Also I would never tip extra for an uber driver to break down my chair and stow it or for a grocery store employee to grab something high off a shelf for me. If I asked someone to bring my groceries out to my car for me, I might tip them (no experience with this, so idk) if it was standard for AB moms who are busy wrangling four kids to tip as well. If they offer to takes stuff out to my car I almost always decline, unless it's clear they're going to be insistent as I can do it myself, but if I do take them up on the offer I don't ever consider tipping. And if I was physically unable to take the groceries out to the car I would strongly consider not tipping even if that is customary.

    For sure it's a super entitled stances, but the way I see it (especially in the US with the ADA) the inaccessibility of my physical environment is not a good enough reason for me to fork over money to employees of the inaccessible business.

    So basically if you tip the mexican hotel employee who helps wheel you down the hotel's ramp that is too steep or tip the people who push you down the aisle on the airplane, it really pisses me off when I see it... which kind of makes me sound like a bitter old man, but at least I spent multiple paragraphs trying to justify my bitterness.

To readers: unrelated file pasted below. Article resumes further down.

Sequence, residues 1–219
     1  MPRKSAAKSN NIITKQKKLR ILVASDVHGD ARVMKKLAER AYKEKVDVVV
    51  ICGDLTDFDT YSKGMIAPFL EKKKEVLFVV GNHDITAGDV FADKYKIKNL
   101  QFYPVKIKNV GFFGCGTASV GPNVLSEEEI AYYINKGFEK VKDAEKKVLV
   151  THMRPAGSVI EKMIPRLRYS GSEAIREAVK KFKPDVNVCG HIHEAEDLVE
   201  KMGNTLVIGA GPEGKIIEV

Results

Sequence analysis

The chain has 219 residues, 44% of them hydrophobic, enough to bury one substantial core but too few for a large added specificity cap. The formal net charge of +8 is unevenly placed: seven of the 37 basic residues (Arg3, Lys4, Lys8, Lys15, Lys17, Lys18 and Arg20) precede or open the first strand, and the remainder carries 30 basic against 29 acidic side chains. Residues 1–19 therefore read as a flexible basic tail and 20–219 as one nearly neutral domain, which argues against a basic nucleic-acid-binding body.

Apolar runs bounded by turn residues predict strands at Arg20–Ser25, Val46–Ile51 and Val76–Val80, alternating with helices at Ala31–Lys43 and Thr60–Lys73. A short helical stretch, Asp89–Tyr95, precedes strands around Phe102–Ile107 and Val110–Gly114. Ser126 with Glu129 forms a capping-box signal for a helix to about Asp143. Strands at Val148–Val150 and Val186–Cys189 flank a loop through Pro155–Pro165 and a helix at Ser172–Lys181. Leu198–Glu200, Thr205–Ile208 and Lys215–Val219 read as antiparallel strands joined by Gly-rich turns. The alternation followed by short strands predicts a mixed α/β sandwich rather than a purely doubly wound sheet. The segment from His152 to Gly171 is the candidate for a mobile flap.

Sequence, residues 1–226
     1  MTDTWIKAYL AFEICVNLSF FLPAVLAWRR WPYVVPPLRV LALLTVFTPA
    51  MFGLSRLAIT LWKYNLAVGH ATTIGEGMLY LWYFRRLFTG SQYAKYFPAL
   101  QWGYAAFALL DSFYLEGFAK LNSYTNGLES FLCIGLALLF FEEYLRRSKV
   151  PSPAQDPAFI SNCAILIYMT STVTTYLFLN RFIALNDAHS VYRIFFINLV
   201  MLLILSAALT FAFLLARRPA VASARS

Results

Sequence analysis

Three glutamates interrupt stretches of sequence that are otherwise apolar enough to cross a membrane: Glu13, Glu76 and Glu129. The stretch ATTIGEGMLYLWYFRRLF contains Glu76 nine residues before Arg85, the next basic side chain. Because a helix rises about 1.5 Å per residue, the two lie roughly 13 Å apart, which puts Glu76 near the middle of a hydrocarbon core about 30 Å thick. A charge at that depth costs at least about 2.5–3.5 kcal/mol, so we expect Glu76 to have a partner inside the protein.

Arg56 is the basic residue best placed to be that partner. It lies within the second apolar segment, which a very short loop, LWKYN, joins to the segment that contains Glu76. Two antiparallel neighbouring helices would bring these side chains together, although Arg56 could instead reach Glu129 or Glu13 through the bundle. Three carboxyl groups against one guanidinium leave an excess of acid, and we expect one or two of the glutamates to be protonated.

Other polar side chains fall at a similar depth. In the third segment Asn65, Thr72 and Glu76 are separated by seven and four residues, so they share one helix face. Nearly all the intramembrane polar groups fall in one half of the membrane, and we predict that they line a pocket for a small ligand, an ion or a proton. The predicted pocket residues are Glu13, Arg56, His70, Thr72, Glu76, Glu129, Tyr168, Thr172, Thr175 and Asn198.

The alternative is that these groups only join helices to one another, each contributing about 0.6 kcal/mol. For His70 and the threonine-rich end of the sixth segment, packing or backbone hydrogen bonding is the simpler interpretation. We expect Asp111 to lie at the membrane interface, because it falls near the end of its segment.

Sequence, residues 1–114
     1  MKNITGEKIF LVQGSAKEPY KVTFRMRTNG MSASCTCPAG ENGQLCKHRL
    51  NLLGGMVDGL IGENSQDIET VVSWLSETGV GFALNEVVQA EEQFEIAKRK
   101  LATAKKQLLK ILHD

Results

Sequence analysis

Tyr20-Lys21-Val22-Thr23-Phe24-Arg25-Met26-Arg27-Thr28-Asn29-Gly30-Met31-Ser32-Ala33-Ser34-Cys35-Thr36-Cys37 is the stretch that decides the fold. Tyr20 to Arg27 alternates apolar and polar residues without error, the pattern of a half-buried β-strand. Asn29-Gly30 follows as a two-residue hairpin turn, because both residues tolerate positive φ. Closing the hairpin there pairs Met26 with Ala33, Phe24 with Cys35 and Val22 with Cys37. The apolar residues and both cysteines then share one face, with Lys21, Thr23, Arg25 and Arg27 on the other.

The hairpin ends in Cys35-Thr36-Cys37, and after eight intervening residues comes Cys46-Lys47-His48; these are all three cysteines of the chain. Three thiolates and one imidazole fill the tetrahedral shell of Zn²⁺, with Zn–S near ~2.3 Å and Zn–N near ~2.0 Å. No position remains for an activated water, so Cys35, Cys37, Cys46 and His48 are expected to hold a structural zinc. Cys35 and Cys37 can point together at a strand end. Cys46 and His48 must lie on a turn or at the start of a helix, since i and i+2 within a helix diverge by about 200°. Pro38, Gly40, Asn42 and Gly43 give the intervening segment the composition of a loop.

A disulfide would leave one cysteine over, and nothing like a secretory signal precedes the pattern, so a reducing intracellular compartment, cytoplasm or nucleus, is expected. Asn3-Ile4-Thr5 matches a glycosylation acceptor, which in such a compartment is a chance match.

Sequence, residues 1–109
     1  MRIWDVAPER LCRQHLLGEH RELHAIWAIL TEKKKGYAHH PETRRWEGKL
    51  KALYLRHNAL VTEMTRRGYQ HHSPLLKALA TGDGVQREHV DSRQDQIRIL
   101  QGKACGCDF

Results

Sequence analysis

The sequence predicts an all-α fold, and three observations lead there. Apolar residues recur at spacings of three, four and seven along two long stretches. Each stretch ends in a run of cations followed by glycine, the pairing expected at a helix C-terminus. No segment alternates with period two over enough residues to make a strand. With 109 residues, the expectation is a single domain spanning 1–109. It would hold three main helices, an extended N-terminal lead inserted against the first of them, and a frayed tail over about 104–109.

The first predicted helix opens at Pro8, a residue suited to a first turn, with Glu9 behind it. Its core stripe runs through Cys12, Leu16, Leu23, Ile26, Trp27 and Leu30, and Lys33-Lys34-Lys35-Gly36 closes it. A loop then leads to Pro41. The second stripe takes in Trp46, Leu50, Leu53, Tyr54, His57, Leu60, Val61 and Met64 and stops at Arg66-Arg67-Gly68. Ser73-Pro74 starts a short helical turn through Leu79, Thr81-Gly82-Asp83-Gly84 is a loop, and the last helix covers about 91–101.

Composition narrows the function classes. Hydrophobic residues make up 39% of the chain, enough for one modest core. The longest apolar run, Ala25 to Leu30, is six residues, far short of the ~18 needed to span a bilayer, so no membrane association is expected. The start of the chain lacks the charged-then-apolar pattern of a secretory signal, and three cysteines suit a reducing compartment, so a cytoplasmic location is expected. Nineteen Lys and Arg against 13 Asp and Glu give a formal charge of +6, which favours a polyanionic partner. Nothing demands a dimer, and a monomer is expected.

4. #4
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    Quote Originally Posted by funklab View Post

    So basically if you tip the mexican hotel employee who helps wheel you down the hotel's ramp that is too steep or tip the people who push you down the aisle on the airplane, it really pisses me off when I see it... which kind of makes me sound like a bitter old man, but at least I spent multiple paragraphs trying to justify my bitterness.



    I tip as the spirit moves me and according to convenience. There are several local shops I buy from that give me curbside service. I call with my order and they bring it out. I tell them to keep whatever change there is from bigger bills, and ought to keep more singles in my wallet. These are the sort of food shops that put a tip jar on the counter. One on-line vendor I love, Avitals Apiaries, sells soaps and a variety of personal care products made with natural oils and beeswax. To show my admiration for their products I hand them out as Christmas presents. Often I do not tip enough, due to a lifelong self-image of being poor. When my dad passed on he left me some money, so I sent off a few checks to people who had given me steep discounts on medical care many years ago. I do have a sense of fairness, just sometimes it takes a while for it to kick in.

    My usual grocer has a store policy that we should not tip their people for help to the car, which I use when I have more than one bag to take out. They do not want $ to be a factor in whether we ask for help.
    Last edited by Tetracyclone; 12-02-2019 at 11:42 PM.

  5. #5
    Quote Originally Posted by Tetracyclone View Post
    My usual grocer has a store policy that we should not tip their people for help to the car, which I use when I have more than one bag to take out. They do not want $ to be a factor in whether we ask for help.
    Same at Trader Joe's. The employees there will help carry things to my car, which I need when I have more than one basketful of things, and there's never an expectation of a tip. I'd like to think that it's for the reason you cited: money shouldn't be a disincentive, or a source of potential shame, for those that need assistance.